1. Overview

Count the number of words in a sentence, reinforcing the concept of words and the idea that sentences are made up of words.
word count
“The rain falls on the grass.”
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2. Materials


For this activity you will several blocks, checkers, paper squares, or any type of counters, preferably in ONE color. You will also need a list of short sentences made up of one-syllable words. Here are some examples:
Two Words
– Jim runs.
– Dogs bark.
– She laughed.
– Mom drives.
– Dad cooks.
Three Words
– Mark plays drums.
– Cats are cute.
– Toys are fun.
– Jane ran home.
– We eat lunch.
Four Words
– We played a game.
– The boys wore caps.
– It rained a lot.
– She saw her mom.
– I like to read.
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3. Activity

Video: How to play Word Count
Explain to your child that each counter stands for one word. Say a brief, simple sentence to your child: for example, “Jim runs.” Speak very clearly, being sure to pause after each word. Tell her that she will make a line of counters for the sentence, one counter for each word.
Adult: Each one of these counters stands for one word. I am going to say a sentence two times. The first time I will say “Listen,” and you will listen very carefully. Then I will say “Listen and count,” and you will put down one counter for every word I say.
You can then proceed to introduce the sentence. The “Listen” and “Listen and count” commands let her know to focus her attention on what you say next. This will help the activity go smoothly.
Adult: Let’s begin. Listen: Jim runs. Listen and count: Jim runs. [Child should put out two counters.] Adult: Now say it with me as you point to the counter for each word. Child: [with Adult] Jim – runs. Adult: Listen: Mark plays drums. Listen and count: Mark plays drums. [Child should put out three counters.] Adult: Now say it with me as you point to the counter for each word. Child: [with Adult] Mark – plays – drums.
Start out with short sentences of just two or three one-syllable words, then gradually increase the length of your sentences. A sentence composed of six or seven one-syllable words is typical for four- or five-year-old children. The purpose of this activity is to focus the child on the idea that sentences are composed of words, not to stretch her rote memory! NOTE: Have your child line up the counters from left to right, to mimic how we read words and sentences from left to right. Teach her to leave a little space between counters, to mimic the space between written words and to keep her from skipping or double-counting as she counts. ↑ Top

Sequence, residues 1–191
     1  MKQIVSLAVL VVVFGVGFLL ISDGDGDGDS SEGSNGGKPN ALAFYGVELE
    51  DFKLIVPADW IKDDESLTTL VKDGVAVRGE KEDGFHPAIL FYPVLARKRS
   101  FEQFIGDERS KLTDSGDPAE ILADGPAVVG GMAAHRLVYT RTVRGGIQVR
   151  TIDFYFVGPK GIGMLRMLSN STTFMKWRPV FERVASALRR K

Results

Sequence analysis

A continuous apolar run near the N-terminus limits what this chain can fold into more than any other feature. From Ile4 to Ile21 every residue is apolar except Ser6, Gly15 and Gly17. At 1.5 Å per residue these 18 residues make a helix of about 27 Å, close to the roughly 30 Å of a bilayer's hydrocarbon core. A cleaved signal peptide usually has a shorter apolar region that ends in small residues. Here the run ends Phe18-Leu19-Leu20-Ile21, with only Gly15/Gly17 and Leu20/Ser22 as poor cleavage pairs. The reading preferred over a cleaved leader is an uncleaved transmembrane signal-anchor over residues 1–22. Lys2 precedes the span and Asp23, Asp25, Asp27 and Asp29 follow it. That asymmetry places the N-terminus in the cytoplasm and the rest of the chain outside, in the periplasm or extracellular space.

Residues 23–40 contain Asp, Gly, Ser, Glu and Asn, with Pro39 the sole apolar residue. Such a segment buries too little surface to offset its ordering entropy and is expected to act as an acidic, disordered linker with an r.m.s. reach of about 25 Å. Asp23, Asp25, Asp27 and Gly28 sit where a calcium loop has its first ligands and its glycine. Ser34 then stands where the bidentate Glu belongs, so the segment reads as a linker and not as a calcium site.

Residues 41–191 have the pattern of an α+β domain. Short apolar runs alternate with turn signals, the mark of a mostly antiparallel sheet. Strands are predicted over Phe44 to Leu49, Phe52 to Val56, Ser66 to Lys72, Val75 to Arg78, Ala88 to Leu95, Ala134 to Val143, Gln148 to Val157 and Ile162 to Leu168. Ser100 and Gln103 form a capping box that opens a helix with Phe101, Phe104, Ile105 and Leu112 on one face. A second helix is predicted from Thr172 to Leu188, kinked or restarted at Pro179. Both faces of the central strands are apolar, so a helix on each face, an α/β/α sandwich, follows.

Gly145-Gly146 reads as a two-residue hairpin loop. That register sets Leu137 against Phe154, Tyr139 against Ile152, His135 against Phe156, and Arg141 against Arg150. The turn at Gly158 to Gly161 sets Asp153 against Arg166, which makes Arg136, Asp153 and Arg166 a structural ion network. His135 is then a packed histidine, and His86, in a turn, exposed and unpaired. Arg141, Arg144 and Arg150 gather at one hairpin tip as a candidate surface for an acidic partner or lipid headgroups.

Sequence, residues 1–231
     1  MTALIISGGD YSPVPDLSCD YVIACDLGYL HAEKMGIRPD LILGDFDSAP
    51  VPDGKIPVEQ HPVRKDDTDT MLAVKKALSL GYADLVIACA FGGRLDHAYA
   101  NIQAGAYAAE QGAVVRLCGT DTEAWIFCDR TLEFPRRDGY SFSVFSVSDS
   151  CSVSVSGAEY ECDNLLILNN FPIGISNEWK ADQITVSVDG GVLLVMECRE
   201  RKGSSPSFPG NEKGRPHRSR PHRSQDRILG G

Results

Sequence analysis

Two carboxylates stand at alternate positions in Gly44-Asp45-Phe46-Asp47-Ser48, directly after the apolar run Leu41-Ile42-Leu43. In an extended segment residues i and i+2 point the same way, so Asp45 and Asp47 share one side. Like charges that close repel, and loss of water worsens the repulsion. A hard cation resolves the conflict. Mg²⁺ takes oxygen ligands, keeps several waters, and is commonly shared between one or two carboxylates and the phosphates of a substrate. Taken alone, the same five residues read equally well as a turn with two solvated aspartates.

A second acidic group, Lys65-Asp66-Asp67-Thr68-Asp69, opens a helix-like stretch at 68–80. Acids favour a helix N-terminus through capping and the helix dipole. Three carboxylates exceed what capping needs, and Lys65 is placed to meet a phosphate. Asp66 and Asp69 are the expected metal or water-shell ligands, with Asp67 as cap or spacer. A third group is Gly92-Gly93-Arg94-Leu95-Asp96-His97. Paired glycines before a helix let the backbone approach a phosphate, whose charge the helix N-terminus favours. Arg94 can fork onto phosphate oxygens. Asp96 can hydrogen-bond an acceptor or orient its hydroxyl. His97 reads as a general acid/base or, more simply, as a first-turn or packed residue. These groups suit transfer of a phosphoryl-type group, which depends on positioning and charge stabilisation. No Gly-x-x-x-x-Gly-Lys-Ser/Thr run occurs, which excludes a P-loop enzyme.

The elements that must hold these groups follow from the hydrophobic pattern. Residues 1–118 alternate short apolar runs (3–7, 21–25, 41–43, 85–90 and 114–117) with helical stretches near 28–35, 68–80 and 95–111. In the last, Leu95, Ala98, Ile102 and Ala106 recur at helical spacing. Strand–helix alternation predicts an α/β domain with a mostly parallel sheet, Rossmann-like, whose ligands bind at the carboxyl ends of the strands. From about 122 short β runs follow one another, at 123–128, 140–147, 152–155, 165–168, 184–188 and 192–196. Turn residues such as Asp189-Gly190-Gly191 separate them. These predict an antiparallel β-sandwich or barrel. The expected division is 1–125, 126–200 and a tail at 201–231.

4. Confidence Builder

If your child’s performance is inconsistent, use two-word sentences until the concept is understood. Use the lesson script and the listening commands (“Listen.” “Listen and move.”) consistently. ↑ Top

5. Extension

Gradually make the sentences more complex: more words, two-syllable words, etc. Move on to sentences that include function words such as short articles and prepositions (a, the, on, for, with, not, etc.). It will be a good challenge for your preschooler to learn that these very short words are words in themselves. ↑ Top

6. Variation

Have your child count the words that you say in the first lines of well-known nursery rhymes, such as “Humpty Dumpty.” You can also play this game as you read her a sentence from a familiar story book. ↑ Top

7. Small Groups (2-5 children)

Lesson Objective: Using manipulatives as visual aids, children will hear spoken sentences, use a counter to represent each word of the sentence, and count the number of words in the sentence. GELDS (Georgia Early Learning & Development Standards): CLL6.4d Additional Materials:
  • optional: tray or placemat
Adaptation: Read the main activity, watch the video, and follow the instructions above, with the following changes: Give each child several red and blue squares. Ask the children to make a stack of red squares and a stack of blue squares. Let the children choose five of the same color counters (five blue teddy bears, five pennies, etc.). A tray or placemat helps define the space and keeps the counters together. It can be helpful to use a work surface (paper, box top, etc.) with pre-marked areas in which children can place their counters for each sentence if they need help keeping them neat and in order. Read from the sentence list or create new 2-3 word sentences using the children’s names. Follow the directions above. Reinforcement: Let the children take turns being “teacher,” calling out the sentence you whisper to the child. They may need some guidance. Use this Reinforcement at Home form to tell parents and guardians how they can reinforce lessons outside the classroom. ↑ Top

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